This post originally appeared in 2010. I am rerunning it this Memorial Day weekend in remembrance of all those who have served.
Matt’s Forward: I wanted to offer a recap of the day I spent with the US Army and cover this event objectively. I wanted to view myself as a reporter of some sorts, documenting the day through words and images. But as I spent the afternoon at Fort Lee in Virginia I had a hard time removing myself from the people I met and the stories I heard. I was touched in a way that I did not expect, surrounded by passionate people who have not only dedicated their lives to the culinary world but also to the service of my country. Walking onto that base made me realize that there are people who feel so strongly about service and putting their lives on the line for the sake of others and I was blessed to meet them. It was a gift for me and changed who I am. The men and women who serve this country deserve every ounce of respect I can muster. Thank you to everyone I met and to the US Army for inviting me to attend.
Ask me to participate in any type of competition and chances are my face will give away my thoughts on such things. While I’m the poster boy for Team Playing I just don’t fare too well when it comes to competing against others. The competitive spirit is lost on me and I’m just more comfortable sitting at the judging table or the cheering from the sidelines. But attend a competition? You bet. When an invitation to attend the 35th Annual US Army Culinary Arts Competition in Fort Lee came across my desk, I knew I had to say yes. The US Army? A guest? Me? I guess that makes me official now.
I arrived in Virginia with just enough time to take myself out to dinner the night before the Competition. I thought Mexican food would be a decent choice, it’s nice to see the regional differences in Mexican cooking throughout the United States. However, here’s one thing that has no place in any Mexican restaurant, be it border town or East Coast.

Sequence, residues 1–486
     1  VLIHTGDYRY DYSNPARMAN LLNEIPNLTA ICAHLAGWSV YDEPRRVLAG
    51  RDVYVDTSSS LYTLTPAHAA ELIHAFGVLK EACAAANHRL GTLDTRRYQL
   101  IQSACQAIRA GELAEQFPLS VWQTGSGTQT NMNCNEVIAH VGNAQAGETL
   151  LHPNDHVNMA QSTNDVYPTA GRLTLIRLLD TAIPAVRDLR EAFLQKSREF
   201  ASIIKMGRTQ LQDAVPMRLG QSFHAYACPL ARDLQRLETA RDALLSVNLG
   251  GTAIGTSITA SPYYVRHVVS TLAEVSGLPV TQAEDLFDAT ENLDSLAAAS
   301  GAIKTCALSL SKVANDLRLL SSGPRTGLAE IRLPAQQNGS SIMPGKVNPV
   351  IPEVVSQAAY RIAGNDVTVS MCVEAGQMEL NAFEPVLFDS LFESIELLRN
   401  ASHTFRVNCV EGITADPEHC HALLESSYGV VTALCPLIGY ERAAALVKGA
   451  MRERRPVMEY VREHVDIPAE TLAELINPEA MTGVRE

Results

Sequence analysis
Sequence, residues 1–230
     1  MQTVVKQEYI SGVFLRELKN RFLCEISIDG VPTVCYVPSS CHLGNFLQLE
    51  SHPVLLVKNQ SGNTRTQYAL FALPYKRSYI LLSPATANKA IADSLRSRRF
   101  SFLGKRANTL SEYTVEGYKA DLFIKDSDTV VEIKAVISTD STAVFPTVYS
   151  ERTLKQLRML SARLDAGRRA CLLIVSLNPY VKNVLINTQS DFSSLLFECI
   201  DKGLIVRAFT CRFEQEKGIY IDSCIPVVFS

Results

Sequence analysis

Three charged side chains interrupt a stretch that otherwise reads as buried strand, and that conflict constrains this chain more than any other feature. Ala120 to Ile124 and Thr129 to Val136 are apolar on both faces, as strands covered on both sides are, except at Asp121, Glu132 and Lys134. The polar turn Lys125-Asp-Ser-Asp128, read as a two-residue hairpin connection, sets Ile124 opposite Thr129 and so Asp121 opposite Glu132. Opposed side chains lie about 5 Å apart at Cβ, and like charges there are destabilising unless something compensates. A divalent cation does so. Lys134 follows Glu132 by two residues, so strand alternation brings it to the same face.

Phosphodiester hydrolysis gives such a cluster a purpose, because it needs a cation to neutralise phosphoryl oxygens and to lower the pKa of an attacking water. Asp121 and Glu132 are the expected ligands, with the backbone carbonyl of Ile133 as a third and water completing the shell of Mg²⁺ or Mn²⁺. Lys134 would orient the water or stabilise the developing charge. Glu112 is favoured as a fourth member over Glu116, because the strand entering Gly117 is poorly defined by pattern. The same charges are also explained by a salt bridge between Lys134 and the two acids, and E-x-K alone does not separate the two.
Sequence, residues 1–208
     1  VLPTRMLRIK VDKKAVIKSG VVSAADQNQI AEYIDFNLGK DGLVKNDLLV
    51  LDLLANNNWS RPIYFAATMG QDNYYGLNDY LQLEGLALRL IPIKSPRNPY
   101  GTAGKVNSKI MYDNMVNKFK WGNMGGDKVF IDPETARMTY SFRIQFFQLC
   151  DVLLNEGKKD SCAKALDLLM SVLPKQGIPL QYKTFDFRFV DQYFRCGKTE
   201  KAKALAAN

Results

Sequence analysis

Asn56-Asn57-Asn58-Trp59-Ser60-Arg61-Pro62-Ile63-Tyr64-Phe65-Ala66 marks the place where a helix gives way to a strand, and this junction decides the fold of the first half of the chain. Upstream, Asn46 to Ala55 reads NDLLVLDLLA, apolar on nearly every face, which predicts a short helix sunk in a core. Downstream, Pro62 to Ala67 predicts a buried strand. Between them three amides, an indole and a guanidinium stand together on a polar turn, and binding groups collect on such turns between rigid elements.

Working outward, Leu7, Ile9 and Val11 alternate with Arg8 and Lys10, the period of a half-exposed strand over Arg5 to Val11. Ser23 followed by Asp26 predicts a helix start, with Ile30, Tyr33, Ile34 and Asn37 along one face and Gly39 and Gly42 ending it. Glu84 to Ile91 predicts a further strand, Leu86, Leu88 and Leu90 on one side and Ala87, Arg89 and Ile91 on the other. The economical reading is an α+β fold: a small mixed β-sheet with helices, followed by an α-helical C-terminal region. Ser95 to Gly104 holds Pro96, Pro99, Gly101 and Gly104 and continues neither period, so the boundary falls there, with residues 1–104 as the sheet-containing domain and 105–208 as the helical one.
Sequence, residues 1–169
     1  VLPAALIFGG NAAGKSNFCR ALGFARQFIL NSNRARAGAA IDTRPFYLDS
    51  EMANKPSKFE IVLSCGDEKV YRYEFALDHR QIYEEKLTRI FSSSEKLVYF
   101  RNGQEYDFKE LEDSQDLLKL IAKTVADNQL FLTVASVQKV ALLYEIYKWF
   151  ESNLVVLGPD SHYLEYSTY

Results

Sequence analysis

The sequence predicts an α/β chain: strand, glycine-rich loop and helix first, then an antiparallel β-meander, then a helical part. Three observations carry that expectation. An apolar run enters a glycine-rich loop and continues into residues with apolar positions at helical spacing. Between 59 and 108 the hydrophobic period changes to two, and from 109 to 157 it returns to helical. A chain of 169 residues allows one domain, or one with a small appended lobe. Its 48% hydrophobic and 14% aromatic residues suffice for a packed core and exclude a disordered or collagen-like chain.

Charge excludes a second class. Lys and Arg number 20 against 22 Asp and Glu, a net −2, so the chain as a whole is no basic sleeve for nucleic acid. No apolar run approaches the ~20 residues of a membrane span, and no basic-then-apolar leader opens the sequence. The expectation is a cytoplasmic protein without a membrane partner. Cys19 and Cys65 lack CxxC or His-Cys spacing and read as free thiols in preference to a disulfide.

I’d like to say this was some kind of instant Margarita mix but you can see it’s not. Part Prell® Shampoo with dashes of Palmolive® and something resembling tequila, this was much more Tropical Three Mile Isle ‘Rita than the worst Long Island Iced Tea I’ve ever had the misfortune of drinking. But I finished it and since I’m not a restaurant reviewer I won’t even discuss the food. It made me sad.
The next morning began bright and early on the base at Fort Lee. I met with Matthew Montgomery, Fort Lee’s Media Relations Officer and drove to the competition hall. It was finally my way to get all my geeky military questions out of the way like “Does the Army use Macs?” and “Will you help me with military acronyms, please?” He indeed helped me with titles as well as answered my questions about technology. I promised not to nag too much and besides, I was really there for the food and competition.
When I walked into the field house, basically a large gymnasium outfitted with everything a culinary competition could ever need, I immediately sensed the spirit of competition and energy. One corner was silently busy with timed competitions, Army chefs busy cooking away while being rated and reviewed by judges. Another section housed the MKT, the portable kitchen that’s deployed in the field to feed solders (more on that in a bit). Another area was designated for the Culinary Institute of America, a partner with the US Army. In fact, the army sends soldiers to the CIA regularly to learn and hone their skills. Those skills benefit their unit and the entire culinary endeavors of the military. And lastly, the center of the auditorium was filled with the cold and hot displays of food. Rows and rows of food were presented for judging, each dessert or appetizer neatly sealed and shellacked to keep people like me from poking, prodding and eating. It was a visual treat to see so many things in one place but also completely unfair; if you’re going to pass around trays of appetizers then please, for god’s sake, let me eat!